Metal additive manufacturing is the process of joining materials to make objects from 3D computer-aided design (CAD) model data. Laser powder bed fusion (PBF) is one such process, in which thermal energy derived from a laser beam selectively fuses regions of a powder bed. A team from Heriot-Watt University, Edinburgh, and the University of Birmingham in the UK used high-speed imaging to investigate the interaction of the laser beam with the powder bed at sub-atmospheric pressures. They used a SOLA SM Light Engine® to illuminate a circle of ~10 mm diameter on a stainless steel powder bed inside a vacuum chamber. Image sequences were recorded at 40,000 frames per second by a monochrome camera. The data obtained indicate that operating in a soft vacuum (>50 mbar) would provide the simplest implementation of PBF at sub-atmospheric pressures. The reduction in vaporization temperature at reduced pressure means that the same penetration depth can be achieved at lower laser powers, resulting in a stabilizing effect on the process.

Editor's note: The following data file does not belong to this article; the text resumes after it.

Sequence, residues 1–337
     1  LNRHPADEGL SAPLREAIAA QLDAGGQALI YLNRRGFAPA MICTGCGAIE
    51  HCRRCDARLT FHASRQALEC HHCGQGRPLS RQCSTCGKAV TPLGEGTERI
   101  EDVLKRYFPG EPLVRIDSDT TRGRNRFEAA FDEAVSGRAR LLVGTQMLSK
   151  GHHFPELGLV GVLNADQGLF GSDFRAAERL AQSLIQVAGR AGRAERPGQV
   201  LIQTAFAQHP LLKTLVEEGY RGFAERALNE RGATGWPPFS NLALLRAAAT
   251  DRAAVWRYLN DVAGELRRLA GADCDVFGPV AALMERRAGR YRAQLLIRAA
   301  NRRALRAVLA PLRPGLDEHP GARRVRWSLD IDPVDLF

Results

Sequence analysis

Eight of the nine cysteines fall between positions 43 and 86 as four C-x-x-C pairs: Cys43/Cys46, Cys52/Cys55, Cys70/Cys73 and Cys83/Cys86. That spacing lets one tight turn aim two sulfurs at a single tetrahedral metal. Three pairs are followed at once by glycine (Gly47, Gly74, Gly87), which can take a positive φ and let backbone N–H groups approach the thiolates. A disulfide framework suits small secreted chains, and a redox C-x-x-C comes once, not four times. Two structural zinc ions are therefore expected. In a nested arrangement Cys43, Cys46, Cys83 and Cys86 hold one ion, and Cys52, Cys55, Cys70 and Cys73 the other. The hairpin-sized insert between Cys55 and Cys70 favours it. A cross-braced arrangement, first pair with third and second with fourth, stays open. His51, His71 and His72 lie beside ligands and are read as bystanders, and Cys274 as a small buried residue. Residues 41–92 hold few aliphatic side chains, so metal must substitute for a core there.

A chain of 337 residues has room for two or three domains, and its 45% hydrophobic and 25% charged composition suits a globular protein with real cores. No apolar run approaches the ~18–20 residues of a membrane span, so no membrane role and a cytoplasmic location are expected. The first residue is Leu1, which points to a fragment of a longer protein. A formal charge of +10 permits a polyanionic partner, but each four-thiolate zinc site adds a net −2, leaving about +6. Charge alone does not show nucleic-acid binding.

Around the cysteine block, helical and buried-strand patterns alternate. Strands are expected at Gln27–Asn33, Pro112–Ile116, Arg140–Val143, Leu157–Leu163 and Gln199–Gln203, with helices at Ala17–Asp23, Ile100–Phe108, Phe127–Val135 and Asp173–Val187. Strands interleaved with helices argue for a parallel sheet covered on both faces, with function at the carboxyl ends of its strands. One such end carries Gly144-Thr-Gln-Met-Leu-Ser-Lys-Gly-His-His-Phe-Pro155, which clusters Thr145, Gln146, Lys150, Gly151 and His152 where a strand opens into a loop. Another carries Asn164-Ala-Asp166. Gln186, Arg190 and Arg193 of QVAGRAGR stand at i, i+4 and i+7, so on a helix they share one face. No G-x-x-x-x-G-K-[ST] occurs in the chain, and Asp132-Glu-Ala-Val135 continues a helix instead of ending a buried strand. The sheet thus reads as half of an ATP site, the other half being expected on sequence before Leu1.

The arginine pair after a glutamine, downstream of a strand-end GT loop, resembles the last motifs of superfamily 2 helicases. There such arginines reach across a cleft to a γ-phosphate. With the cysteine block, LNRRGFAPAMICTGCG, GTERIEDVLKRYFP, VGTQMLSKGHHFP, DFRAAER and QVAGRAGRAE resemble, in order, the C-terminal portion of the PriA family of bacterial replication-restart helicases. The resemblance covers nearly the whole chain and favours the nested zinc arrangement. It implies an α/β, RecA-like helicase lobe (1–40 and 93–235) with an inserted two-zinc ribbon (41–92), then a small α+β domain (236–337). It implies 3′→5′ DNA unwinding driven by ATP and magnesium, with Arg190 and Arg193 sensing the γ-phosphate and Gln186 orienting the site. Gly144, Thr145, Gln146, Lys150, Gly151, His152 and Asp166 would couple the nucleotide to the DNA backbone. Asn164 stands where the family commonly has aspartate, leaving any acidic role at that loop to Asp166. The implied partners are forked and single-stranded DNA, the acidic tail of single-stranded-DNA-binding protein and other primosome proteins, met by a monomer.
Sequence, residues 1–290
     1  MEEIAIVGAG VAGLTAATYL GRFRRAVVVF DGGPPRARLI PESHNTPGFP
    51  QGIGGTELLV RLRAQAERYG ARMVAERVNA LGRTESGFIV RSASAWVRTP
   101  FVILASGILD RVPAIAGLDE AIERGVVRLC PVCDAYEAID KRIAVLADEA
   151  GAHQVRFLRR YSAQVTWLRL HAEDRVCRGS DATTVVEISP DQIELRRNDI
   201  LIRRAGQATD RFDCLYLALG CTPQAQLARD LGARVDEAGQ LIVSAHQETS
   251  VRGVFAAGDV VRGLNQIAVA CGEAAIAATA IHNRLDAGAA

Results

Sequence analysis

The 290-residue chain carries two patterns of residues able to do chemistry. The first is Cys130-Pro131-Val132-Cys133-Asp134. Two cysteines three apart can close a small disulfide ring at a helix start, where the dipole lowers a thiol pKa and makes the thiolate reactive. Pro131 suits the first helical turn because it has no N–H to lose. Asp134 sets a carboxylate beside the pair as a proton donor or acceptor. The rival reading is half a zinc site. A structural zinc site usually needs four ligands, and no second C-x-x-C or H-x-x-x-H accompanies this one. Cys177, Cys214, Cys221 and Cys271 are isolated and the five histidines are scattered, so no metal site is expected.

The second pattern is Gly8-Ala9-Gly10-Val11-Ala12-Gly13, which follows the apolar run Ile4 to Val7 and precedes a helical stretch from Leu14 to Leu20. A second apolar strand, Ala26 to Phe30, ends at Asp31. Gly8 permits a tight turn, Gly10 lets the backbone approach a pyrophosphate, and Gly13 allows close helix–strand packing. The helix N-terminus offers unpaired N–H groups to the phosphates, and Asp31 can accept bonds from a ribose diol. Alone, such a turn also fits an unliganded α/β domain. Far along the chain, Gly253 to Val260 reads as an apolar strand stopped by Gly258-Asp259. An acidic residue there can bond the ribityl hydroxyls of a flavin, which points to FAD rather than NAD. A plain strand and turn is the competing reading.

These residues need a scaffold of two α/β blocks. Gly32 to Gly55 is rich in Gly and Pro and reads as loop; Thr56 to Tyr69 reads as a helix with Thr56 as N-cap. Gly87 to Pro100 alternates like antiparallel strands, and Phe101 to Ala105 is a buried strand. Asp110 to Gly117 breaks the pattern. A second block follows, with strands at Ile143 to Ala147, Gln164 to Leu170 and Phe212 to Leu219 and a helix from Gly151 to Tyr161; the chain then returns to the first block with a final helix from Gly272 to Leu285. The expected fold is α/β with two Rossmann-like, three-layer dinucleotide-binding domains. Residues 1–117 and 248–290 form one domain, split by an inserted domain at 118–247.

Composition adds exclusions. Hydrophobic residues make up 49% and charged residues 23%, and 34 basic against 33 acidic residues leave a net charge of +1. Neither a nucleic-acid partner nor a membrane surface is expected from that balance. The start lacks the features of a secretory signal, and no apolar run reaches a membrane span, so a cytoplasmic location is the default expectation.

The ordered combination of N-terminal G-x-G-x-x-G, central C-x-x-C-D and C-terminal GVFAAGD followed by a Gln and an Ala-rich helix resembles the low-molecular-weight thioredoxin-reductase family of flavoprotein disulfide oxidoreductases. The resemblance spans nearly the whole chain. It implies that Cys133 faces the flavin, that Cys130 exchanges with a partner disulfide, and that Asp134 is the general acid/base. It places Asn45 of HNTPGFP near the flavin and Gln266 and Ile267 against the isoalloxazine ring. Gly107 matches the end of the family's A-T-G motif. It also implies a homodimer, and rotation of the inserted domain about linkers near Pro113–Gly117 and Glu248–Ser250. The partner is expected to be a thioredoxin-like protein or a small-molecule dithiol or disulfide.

Article Reference: P. Bidare, I. Bitharas, R.M. Ward, M.M. Attallah, A.J. Moore, Laser powder bed fusion at sub-atmospheric pressures, International Journal of Machine Tools and Manufacture, Volumes 130–131, 2018, Pages 65-72
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